A $1 million grant for excellence and inclusion in STEM

Faculty are developing a multi-faceted approach to increase success rates for under-represented students

Celebration photo

WWU Faculty members who wrote the grant application celebrate receiving Western’s Team Achievement Award. They are (from top to bottom, left-right):  Robin Kodner (biology), Dan Pollard (biology), Spencer Anthony-Cahill (chemistry), Suzanne Lee (biology), Shannon Warren (Science, Math, And Technology Education, SMATE), Regina Barber-DeGraaf (physics/astronomy), Jackie Rose (psychology), Dan Hanley (SMATE), Joann Otto (biology), Emily Borda (chemistry, SMATE), Jessica Cohen (math), Ed Geary (SMATE), Lina Dahlberg (biology), Jose Serrano (biology), David Leaf (biology).  Not pictured:  Bernie Housen (geology).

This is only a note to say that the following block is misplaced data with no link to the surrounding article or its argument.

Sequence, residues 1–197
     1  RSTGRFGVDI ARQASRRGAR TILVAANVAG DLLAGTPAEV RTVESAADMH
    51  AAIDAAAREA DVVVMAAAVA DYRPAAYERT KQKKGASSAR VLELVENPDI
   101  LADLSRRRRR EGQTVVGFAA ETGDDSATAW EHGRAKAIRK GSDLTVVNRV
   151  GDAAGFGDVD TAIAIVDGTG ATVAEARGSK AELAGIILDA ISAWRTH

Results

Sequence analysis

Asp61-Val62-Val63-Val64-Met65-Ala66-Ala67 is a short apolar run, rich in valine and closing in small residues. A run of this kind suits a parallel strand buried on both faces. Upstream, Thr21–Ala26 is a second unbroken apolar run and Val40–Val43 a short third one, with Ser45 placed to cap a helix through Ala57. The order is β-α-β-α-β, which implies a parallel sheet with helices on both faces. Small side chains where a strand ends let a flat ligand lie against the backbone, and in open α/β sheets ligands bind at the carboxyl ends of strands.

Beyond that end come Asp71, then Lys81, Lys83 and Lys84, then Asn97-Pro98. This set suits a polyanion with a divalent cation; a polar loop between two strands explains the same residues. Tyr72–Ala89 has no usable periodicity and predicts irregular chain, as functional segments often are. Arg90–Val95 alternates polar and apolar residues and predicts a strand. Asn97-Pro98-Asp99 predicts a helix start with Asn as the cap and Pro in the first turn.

A new five-year, $1 million grant from the Howard Hughes Medical Institute’s Inclusive Excellence Program began in September with the goal to enhance student success in STEM fields, especially for those students typically under-represented in the natural sciences.

Under-represented minority students, female students, and first-generation students in the natural sciences have lower success rates than university averages. Western’s HHMI IE team of STEM faculty, led by Biology Professor Emerita Joann Otto, proposed a multi-faceted approach, including establishing student cohorts and mentorship opportunities, providing professional development in student-centered learning for faculty and teaching assistants, and analyzing policies and procedures to identify issues that get in the way of student success.

“All of our strategies are designed to be sustainable so they will continue after the five years of grant support are over,” Otto says. “Ultimately, we anticipate the demographics of majors graduating in the natural sciences will mirror those of the university and our community as a whole.”